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Gehyra mutilata, also known as the common four-clawed gecko, stump-toed gecko, sugar gecko, or Pacific gecko, is a type of house gecko that is native to Southeast Asia. It has made its way to several areas of the world including Sri Lanka, Indochina, and many of the Pacific Islands. Compared to common house geckos, this gecko's appearance is somewhat plump, with delicate skin. The skin is usually colored a soft purplish/pinkish gray with golden spots on younger specimens; these spots eventually fade with age.
The species is widely distributed throughout Sri Lanka, Burma, Malaysia, Southeast China, The Philippines, Indonesia, New Guinea, French Polynesia, Pitcairn Islands, Mascarenes and Seychelles, Western Mexico, Maui, Hawaii. The geckos in the photos were found just around our house.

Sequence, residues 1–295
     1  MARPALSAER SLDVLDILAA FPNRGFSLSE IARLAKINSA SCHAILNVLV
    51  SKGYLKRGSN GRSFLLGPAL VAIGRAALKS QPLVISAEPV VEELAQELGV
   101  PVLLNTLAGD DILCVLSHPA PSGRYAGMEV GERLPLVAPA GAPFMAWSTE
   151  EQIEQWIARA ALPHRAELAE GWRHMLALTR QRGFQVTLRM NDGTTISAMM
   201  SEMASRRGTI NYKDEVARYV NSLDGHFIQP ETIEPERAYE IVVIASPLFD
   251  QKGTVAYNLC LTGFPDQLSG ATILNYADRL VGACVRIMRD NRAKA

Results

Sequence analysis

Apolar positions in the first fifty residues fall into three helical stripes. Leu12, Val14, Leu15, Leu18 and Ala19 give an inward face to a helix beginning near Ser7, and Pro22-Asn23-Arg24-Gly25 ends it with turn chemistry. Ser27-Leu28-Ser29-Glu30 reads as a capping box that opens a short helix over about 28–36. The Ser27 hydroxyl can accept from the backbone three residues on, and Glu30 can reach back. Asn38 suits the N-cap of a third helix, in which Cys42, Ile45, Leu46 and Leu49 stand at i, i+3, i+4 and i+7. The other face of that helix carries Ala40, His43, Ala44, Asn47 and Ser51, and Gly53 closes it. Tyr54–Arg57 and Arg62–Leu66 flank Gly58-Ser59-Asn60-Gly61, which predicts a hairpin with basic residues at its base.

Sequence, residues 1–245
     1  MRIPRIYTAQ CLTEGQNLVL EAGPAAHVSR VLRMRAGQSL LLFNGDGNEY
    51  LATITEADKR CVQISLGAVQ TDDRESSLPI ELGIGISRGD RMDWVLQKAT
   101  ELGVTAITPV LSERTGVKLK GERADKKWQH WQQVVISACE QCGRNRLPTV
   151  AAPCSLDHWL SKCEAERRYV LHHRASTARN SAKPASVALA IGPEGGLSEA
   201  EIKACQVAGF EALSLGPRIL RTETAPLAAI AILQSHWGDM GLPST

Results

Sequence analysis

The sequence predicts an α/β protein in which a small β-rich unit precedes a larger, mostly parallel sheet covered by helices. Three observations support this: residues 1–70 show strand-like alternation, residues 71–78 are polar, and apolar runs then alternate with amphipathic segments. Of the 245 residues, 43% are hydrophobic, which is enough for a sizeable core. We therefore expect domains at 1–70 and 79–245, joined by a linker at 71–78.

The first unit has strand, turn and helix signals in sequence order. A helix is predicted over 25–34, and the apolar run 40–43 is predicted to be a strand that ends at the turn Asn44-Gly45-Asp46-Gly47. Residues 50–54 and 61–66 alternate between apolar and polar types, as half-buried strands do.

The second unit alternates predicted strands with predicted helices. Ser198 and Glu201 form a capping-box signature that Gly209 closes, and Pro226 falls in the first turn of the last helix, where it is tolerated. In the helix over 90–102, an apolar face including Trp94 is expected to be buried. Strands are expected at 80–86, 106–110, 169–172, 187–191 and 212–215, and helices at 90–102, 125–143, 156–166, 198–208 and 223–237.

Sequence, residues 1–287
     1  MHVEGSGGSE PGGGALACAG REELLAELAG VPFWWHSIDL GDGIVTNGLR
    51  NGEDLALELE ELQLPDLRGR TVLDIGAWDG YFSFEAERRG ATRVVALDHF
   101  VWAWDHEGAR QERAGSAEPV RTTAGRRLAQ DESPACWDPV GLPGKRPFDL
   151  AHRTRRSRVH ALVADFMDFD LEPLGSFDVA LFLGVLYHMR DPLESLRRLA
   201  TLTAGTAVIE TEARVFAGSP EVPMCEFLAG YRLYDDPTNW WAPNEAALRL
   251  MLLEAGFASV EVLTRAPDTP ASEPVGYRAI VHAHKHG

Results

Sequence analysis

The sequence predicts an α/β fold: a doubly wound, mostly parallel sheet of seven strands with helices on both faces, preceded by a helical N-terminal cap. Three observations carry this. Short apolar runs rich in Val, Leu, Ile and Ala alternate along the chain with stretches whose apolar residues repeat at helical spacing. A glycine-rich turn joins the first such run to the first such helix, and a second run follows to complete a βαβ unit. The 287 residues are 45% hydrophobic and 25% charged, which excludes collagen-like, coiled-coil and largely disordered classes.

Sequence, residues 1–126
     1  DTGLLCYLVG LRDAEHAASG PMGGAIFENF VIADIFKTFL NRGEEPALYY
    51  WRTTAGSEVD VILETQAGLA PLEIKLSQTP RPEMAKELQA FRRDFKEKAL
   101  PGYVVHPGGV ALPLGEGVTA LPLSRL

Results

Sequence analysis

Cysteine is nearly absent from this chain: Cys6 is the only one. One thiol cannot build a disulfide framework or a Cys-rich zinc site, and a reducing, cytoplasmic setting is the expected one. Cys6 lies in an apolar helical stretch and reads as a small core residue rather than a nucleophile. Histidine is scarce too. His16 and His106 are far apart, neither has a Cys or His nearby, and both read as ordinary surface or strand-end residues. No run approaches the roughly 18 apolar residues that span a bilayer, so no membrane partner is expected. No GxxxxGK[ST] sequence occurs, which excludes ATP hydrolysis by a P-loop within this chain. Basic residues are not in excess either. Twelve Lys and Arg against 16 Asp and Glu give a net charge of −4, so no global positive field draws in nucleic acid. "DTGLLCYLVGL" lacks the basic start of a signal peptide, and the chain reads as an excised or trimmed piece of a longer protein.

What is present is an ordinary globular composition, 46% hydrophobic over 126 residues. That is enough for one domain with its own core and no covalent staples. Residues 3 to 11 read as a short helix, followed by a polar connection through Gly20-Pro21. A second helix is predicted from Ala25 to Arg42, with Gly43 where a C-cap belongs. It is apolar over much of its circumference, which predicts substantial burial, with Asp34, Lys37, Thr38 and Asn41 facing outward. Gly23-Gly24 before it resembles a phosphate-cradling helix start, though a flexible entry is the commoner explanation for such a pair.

These geckos are very common around houses, buildings, walls, trees and basically anywhere that can attract insects here. Every time I visit to someone's house at night, there's always geckos to be seen on the ceilings. They are much appreciated for their role in eating insects, but sometimes they will also go for the cooked rice in your table. You also have to beware of the geckos in the ceiling, because they might drop on you and they also leave droppings after eating those insects. Like the Tokay gecko which we call "Tuko", we call these small geckos "tiki" or "butiki".